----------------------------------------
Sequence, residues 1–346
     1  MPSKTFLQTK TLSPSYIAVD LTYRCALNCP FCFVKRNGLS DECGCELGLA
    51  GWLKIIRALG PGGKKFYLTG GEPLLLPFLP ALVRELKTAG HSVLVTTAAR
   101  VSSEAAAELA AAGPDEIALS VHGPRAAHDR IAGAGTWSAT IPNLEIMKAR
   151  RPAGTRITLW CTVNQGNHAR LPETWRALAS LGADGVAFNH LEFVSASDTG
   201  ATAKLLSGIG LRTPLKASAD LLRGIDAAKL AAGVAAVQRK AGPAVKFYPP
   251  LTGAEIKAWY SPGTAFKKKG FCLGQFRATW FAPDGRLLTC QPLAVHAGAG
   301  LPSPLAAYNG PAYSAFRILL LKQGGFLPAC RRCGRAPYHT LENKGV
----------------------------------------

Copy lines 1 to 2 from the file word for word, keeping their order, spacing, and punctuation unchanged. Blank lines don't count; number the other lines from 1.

Sequence, residues 1–346
     1  MPSKTFLQTK TLSPSYIAVD LTYRCALNCP FCFVKRNGLS DECGCELGLA